Many of these fans, only used to the passionate, sometimes unruly, terrace culture of England simply weren’t prepared for the way the Italian authorities treated them. With few having experience of watching football abroad, many didn’t adapt their behaviour and, faced with a new foe in the Italian police and the locals too, the English responded by running riot.
Despite the experience of being teargassed, or worse, two years later even more English fans headed to the 1982 World Cup in Spain. This was the first major tournament where a differentiated British national identity would come to the fore. All four home nations had previously qualified for the 1958 World Cup in Sweden but the travelling support for each was negligible in numbers, so no such impact occurred back then.
In Spain, whilst the English fans would still doggedly wave the Union Jack, the Scots and the Northern Irish defined their support as “anyone but England” and would continue to do so from that point on. The Scots and Northern Irish, perhaps not weighed down with the expectations of a nation on the pitch, made the most of their time in the sunshine off it, while the troublesome reputation that wrapped itself round England at Italia 80 was resurrected once more across the tournament at Spain 82.
That reputation stayed with England for a number of years, and was one of the main reasons why their group games in the 1990 World Cup were held on the island of Sardinia. The Italian police felt that containing the fans in one place for the first part of the tournament would be a benefit for all. Despite scraping through the group, England woke up in the knock-out stages. Of course penalties were our undoing in the semi-final but the national team had acquired a new and potently positive identity amongst the fans, many new to the game, and crucially amongst the media too back home.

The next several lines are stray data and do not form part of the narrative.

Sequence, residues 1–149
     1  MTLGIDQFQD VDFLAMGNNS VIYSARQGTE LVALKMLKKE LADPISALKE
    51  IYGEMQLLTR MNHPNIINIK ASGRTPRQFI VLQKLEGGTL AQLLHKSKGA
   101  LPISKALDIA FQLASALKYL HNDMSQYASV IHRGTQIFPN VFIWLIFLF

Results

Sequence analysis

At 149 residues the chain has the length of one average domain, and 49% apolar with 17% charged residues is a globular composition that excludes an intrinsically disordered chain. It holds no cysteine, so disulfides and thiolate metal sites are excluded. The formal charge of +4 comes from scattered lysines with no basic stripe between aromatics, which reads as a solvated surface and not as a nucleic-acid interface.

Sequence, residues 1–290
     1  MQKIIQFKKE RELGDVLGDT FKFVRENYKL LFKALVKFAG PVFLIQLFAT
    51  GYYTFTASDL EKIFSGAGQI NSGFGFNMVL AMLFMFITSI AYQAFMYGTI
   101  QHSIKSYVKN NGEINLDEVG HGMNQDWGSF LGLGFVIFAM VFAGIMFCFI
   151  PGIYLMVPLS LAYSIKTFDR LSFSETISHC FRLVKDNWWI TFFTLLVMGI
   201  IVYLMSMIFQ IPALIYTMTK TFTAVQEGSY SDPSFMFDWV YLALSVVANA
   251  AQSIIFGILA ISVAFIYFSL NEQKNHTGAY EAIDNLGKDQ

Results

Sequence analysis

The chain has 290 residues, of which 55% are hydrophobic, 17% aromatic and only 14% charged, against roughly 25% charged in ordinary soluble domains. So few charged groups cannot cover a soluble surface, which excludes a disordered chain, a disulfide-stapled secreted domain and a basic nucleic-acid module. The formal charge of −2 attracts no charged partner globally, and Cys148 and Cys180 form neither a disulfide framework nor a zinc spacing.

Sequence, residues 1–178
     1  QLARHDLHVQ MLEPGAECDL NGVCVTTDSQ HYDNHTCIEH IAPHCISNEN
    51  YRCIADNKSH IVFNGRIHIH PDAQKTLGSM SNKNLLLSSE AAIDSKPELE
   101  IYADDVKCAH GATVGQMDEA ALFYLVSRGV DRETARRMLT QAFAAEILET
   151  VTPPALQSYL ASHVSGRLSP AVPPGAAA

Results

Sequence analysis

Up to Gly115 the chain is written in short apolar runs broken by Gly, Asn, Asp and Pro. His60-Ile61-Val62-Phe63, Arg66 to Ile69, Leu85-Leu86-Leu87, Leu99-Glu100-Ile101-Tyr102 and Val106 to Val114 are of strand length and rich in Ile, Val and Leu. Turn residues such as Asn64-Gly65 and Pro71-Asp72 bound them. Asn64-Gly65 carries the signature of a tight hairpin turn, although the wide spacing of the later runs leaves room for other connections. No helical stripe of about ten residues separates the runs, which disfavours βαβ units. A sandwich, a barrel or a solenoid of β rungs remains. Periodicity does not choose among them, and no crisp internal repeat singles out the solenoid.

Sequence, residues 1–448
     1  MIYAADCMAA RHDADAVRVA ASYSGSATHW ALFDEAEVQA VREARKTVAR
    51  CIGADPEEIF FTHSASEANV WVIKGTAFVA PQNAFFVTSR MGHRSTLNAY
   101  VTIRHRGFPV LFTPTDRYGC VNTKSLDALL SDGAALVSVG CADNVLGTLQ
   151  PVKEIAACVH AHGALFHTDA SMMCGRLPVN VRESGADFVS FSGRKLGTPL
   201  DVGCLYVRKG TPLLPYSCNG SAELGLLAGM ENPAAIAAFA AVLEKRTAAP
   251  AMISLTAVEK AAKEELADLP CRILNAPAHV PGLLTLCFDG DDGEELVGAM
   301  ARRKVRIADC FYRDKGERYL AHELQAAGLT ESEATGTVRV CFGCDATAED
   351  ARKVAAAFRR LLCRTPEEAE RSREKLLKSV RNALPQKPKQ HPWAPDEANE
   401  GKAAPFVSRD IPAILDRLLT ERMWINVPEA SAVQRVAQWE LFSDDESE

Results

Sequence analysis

A few years later the creation of the Premier League and the commercialisation of the game started to take hold against the backdrop of new stadia and this new generation of post-1990 fans. Interest in following England abroad grew off the back of another impressive performance in Euro 96. With the next two major tournaments taking place over the Channel in France in 1998 and then Belgium and Holland in 2000, thousands of new fans started to use the internet to take advantage of airline revolutionaries such as EasyJet, Ryanair and Buzz.
By Euro 2004, in Portugal, the last remnants of trouble were ebbing away. England fans began to be spoken of in the same tones as the hitherto friendlier Scottish and Irish fans. While there was the odd minor incident responded to by over-zealous policing, it was the England team who often let the side down now rather than the fans.
Despite the way they have been treated by police, demonised by the media, and on occasion disowned by their own FA, at the merest hint of a friendly somewhere abroad, thousands of fans will be logging on to flight comparison websites and finding the cheapest, if not always the most direct, route and booking it “just in case”. If these rumours turn into truth the earlybirds can pick up a bargain. In truth, when following England these days, the final destination is relatively irrelevant. In fact for many the more unfamiliar the place, the more attractive the trip. Stuart Fuller